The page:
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Dodgers’ World Series Defeat: Two Main Factors

November 1st, 2017 · No Comments · Baseball, Dodgers

Did the usual thing. Asleep around midnight Central European time, “called” to wake up around 4 a.m., and this time around I saw the final innings of Game 7 of the 2017 World Series.

Won, sigh, by the Houston Astros.

It was the bottom of the eighth when I checked in from a hotel room in Barcelona, and already 5-1, and the Astros’ Charlie Morton, a 33-year-old journeyman pitcher who chose the 2017 World Series to have The Time of His Life, was pitching well again. And I certainly could not have been the only Los Angeles Dodgers fan with a sense that the team was not going to score four runs before making six outs. They seemed exhausted. Spent. Beaten.

It ended 5-1, with Morton retiring the final 11 batters he faced, and it the Astros celebrated.

How will this World Series be remembered? Beyond Who Won and Who Lost?

For two factors, both which broke in favor of the Astros.

1) Yu Darvish was awful. The Dodgers right-hander started Games 3 and 7, and he lasted 1.2 innings in each, twice allowing four earned runs, putting the Dodgers in early 4-0 and then 5-0 holes they failed to escape.

Included in the damage, in addition to that wreaked on Darvish’s reputation, were two home runs and four doubles — and no strikeouts despite seeing 21 batters. His brief curtailed appearances also shifted a heavy burden of innings (13.2) onto the bullpen.

The Dodgers thought they were getting an ace when they traded for Darvish just ahead of the August 31 deadline, but he had a very rough World Series, and fans will remember that. His contract is up, and he might be able to command a nine-figure salary from … somebody. But probably not the Dodgers; they will remember the Yu meltdowns.

2) The Dodgers lost both of the series’ extra-inning “wild” games. The two that could have gone either way. Games they led before the Astros rallied — once in Los Angeles, to win 7-6, and once in Houston, 13-12.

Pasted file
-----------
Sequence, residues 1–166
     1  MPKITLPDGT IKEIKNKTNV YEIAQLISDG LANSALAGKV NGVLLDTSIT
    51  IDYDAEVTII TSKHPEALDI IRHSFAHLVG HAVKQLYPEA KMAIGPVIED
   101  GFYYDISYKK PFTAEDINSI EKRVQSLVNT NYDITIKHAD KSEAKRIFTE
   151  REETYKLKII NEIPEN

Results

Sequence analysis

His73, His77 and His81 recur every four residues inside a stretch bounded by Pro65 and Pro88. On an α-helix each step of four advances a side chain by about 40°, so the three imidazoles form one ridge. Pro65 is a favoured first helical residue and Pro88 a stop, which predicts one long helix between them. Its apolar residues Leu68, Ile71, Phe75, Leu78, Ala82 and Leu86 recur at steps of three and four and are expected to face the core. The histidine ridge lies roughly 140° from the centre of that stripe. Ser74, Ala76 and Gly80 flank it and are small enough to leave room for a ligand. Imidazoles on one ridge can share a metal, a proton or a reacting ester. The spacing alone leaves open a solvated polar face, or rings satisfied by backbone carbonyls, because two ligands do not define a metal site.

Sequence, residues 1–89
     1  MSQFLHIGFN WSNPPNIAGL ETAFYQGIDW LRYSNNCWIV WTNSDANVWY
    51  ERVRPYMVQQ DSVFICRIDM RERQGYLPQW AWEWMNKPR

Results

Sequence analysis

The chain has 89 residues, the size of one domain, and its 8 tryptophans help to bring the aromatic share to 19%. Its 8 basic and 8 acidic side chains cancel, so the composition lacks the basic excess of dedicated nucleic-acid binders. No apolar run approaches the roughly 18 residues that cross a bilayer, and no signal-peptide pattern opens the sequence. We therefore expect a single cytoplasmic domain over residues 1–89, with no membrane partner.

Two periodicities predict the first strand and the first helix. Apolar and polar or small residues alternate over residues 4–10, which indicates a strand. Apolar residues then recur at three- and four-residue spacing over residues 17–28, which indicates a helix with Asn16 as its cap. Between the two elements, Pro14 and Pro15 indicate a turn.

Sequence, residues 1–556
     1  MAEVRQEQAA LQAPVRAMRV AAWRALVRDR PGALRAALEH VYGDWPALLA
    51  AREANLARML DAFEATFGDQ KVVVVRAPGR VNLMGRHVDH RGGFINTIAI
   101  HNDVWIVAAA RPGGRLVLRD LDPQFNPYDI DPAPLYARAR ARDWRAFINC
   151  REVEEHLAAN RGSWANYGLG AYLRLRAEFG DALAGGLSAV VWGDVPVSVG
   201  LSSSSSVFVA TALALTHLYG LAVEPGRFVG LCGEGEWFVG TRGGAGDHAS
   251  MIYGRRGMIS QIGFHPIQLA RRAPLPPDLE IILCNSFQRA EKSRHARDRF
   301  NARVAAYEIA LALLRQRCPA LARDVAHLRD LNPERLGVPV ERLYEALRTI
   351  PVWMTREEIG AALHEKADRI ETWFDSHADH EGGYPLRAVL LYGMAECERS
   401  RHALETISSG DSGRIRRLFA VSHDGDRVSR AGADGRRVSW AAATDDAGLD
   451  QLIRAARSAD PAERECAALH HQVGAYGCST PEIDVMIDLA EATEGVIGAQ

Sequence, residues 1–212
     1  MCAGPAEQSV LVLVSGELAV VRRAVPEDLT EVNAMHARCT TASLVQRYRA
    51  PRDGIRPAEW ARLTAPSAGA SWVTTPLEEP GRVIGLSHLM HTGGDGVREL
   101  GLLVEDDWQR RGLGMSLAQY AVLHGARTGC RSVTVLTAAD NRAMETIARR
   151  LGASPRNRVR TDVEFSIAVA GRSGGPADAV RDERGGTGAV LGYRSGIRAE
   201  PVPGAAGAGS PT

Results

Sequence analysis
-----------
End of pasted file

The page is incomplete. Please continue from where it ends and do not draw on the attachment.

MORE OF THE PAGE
The Dodgers’ three victories were pretty standard stuff — 3-1, 6-2, 3-1. In the two crazy, extra-inning games, the Astros persevered.

In Game 2 they avoided a 3-2 defeat thanks to Marwan Gonzalez’s ninth-inning home run against Kenley Jansen; in Game 5, the overcame — against Clayton Kershaw — deficits of 4-0 and 7-4. The Dodgers also led 8-7 (before the overworked Brandon Morrow’s disastrous eight-pitches, four-batters, four hits, four runs outing, and they character by scoring three in the ninth to force extra innings, only to lose in the 10th.

That was it.

Two awful games by Yu led to two defeats. The two extra-inning games the Dodgers had led, both lost. And there is your series.

Houston 4, Dodgers 3.

Back in the 1950s, when the Brooklyn Dodgers regularly played in the World Series, without winning, the cry around Brooklyn always was: “Wait till next year.”

Eventually, “next year” came, in 1955.

Fans these days are not as patient or fatalistic. “Wait till next year” should be approached literally. “Wait till next year.” As in 2018. Period.



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